From the time of Mao’s advent, until Deng’s reforms, China remained a predominantly rural country with 80 percent of the population living in rural areas. The policies remained focussed on agriculture but with disastrous results when the Great Leap Forward of Mao led to the Great Chinese Famine of 1958 to 1962, which is considered as one of the deadliest man-made catastrophes in human history. Due to the Bamboo Curtain, as secretive China was then called, the true human toll is not known and the estimates vary between 15 and 55 million human lives lost to starvation. With Deng’s reforms, there was a surge in industrialisation and urbanisation and the rural population dropped to around 40 percent of the total. The focus has shifted entirely to industry and the service sector and agriculture has gone through a period of serious neglect. The huge overall economic growth has rendered the poor, who were always concentrated in the rural areas, even poorer, relative to their urban cousins. It is mainly these rural poor about whom Prime Minister Li Keqiang recently said that 40 percent of the Chinese people live on a monthly income of $140. Evidently, these poor cannot live in cities because this figure represents the rent of a one-room apartment in an average city.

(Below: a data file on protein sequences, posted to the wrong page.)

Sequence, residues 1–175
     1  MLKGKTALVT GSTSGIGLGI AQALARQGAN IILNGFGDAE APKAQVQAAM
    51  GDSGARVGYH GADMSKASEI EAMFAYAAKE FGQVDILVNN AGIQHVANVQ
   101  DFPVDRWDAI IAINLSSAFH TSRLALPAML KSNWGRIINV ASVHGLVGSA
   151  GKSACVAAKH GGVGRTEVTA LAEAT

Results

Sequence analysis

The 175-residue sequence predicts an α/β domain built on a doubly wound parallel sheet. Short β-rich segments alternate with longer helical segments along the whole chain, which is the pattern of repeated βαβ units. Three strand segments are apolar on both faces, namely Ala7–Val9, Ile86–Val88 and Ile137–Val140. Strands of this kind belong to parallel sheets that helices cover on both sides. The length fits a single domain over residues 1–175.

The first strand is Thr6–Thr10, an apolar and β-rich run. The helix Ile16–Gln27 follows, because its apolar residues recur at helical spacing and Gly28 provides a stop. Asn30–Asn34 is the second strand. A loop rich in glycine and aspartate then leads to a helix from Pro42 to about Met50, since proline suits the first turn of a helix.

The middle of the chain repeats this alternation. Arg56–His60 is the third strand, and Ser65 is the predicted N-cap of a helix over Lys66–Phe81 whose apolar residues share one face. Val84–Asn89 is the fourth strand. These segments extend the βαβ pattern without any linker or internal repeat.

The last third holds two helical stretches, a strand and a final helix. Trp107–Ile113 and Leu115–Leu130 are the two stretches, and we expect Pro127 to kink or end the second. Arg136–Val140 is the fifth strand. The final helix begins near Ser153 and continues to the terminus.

The poverty of the rural areas was exacerbated by the one-child policy and migration of the younger population to the urban sprawl. When the only child migrated in search of affluence, the farm suffered. During a visit to some villages in China in 1993, the present writer saw untended orchards where unpicked fruit was rotting. Lack of educational facilities in the rural areas had sent the young to cities and lack of medical facilities had crippled the old. Some rural families showcased themselves to the tourists and earned some money by serving the cuisine of rural China but the neglect of agriculture was evident. Historically, Chinese society has strong filial bonds and the young kept sending money to parents and grandparents in the villages but that was sufficient only for sustenance, with nothing left for making capital investment on the farm. The one-child policy added to the woes as that child now had to support parents and four grandparents. While the official CCP propaganda shows harvesters reaping large commune farms, in reality poor farmers own small parcels of land and work these by hand and sometimes, with animal power. A YouTube video, “Farmers of Tuanshan” gives a good idea of conditions in which farmers live and cultivate their fields in this village famous for its heritage homes.